|Essential RDI||CTDIvol, CTDI phantom, and DLP for each CT series must be recorded.|
|Notification of RDI outside of defined range||User-defined thresholds of RDI that trigger automatic notifications to a set of end users must be configurable.|
|Transmission of anonymized data to data repositories/registries||The software must possess the capability to transmit CT RDI to data repositories/registries.|
|Size-Specific Dose Estimate (SSDE) calculation||Calculation of the SSDE for applicable acquisitions should be available.|
6.A Elements specific to CT
6.A.1 Automatic monitoring of essential dose metrics
The RDIM software must be able to record the CTDIvol, DLP, and the size of the CTDI phantom used to calculate these values (if provided) from the appropriate DICOM fields for each ionizing radiation event. If other RDI are available, the software should be able to automatically extract that information as well and associate information with the examination in the database.
6.A.2 Notification of dose metrics outside of a defined range
The RDIM software must allow the user to define thresholds for the monitored RDI. Additionally, the software must have the capability to alert a set of users when a RDI from a completed study exceeds the threshold. The software must allow thresholds to be defined at a minimum for CTDIvol and DLP, and should allow definition at a more granular level, such as by protocol, series, body part imaged, or patient age.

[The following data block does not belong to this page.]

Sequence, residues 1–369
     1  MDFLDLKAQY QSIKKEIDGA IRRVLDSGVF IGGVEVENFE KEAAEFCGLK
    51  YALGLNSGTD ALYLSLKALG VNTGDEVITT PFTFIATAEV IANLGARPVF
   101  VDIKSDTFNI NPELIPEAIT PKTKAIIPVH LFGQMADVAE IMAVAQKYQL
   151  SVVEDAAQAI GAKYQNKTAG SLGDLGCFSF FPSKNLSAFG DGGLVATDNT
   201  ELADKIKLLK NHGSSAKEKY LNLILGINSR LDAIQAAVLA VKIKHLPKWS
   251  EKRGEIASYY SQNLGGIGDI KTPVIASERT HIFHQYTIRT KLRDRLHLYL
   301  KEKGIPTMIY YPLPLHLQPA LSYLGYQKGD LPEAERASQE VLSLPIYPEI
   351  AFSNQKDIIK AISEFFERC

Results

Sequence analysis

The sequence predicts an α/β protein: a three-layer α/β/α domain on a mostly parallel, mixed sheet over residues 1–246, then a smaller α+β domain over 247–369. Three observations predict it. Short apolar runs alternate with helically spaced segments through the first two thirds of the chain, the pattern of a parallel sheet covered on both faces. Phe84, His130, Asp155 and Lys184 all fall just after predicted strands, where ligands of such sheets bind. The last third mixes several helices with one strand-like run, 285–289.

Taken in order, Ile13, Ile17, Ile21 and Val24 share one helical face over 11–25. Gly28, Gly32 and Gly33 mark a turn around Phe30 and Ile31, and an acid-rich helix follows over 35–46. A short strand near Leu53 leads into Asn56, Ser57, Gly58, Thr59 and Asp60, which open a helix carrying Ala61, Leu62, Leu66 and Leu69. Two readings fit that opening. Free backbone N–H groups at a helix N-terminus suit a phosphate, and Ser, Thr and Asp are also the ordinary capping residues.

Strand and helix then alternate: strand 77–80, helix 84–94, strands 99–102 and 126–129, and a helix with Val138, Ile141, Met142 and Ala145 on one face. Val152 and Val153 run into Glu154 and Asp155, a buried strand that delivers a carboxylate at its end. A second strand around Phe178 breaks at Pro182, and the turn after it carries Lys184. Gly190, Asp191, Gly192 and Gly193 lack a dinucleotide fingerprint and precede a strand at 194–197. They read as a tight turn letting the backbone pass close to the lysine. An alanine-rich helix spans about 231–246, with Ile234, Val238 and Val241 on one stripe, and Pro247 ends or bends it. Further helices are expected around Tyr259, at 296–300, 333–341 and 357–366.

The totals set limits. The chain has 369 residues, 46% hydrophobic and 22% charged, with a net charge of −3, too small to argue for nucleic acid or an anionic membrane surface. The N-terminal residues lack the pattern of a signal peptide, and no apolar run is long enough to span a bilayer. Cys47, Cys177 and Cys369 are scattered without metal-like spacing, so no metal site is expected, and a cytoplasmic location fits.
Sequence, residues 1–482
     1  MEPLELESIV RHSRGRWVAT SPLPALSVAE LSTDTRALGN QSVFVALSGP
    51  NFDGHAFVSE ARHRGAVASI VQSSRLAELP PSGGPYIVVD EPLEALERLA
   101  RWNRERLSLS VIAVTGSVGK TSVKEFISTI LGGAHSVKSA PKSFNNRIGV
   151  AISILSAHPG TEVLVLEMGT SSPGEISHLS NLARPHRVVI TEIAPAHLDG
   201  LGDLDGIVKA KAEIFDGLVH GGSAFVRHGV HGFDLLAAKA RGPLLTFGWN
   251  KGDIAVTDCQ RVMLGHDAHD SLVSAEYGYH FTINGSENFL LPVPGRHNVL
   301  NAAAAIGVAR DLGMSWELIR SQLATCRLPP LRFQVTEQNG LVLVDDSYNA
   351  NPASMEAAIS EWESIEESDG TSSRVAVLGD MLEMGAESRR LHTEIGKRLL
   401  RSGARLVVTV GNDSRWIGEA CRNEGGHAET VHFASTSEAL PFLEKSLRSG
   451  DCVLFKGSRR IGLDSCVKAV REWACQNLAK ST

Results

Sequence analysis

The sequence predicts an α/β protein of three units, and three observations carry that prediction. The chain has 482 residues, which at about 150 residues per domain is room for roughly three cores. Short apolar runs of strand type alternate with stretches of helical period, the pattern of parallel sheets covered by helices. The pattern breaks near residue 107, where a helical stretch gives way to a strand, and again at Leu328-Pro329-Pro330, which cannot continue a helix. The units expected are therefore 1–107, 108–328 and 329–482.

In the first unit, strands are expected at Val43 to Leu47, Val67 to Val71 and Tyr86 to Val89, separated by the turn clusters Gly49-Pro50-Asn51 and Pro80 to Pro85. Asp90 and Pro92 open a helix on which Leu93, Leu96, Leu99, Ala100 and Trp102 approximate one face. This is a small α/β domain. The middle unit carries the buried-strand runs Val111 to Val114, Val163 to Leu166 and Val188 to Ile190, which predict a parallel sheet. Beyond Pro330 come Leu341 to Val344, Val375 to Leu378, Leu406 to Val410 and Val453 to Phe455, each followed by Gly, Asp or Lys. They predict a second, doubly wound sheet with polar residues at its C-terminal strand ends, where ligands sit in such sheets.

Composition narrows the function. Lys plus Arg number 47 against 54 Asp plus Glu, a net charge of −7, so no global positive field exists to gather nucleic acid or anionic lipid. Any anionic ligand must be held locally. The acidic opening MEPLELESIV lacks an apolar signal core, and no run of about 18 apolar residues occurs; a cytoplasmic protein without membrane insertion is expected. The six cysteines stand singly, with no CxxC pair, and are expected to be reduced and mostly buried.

6.A.3 Transmission of anonymized data to repositories/registries
The RDIM software must be able to submit the relevant RDI and study information to an external data repository or registry. The software must be able to either transmit anonymized examination and RDI data directly to the repository/registry or communicate the examination and RDI data to an intermediary software program used for anonymization and transmission.
6.A.4 SSDE calculation
AAPM Report 204 defines the Size Specific Dose Estimate (SSDE) as a RDI in CT that takes into account patient size and the reported CTDIvol to provide an estimate of the patient absorbed dose for a CT acquisition.21 AAPM Report 204 defines conversion coefficients between CTDIvol and SSDE for patient effective diameters, and AAPM Report 220 defines a number of different approaches to calculate that patient water equivalent diameter (WED) which is equivalent to the effective diameter used in AAPM Report 204.22 RDIM software should be able to use the information provided in the AAPM reports to calculate the SSDE for specific CT acquisitions. This function may be limited or unavailable if the full field of view reconstructions are not available (such as CTs of the spine or MSK studies). If SSDE is reported by the RDIM software, the calculated WED and the methodology employed to calculate the WED should also be available to the user.
If the modality includes a SSDE value in the DICOM metadata of a study, the software should be able to extract that information and WED and associate it with the examination in the database.